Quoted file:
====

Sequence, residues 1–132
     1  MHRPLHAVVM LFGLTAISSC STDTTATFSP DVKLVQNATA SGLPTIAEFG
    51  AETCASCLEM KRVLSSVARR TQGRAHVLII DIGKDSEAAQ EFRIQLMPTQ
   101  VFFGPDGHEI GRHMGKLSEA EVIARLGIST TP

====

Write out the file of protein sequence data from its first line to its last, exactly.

Sequence, residues 1–132
     1  MHRPLHAVVM LFGLTAISSC STDTTATFSP DVKLVQNATA SGLPTIAEFG
    51  AETCASCLEM KRVLSSVARR TQGRAHVLII DIGKDSEAAQ EFRIQLMPTQ
   101  VFFGPDGHEI GRHMGKLSEA EVIARLGIST TP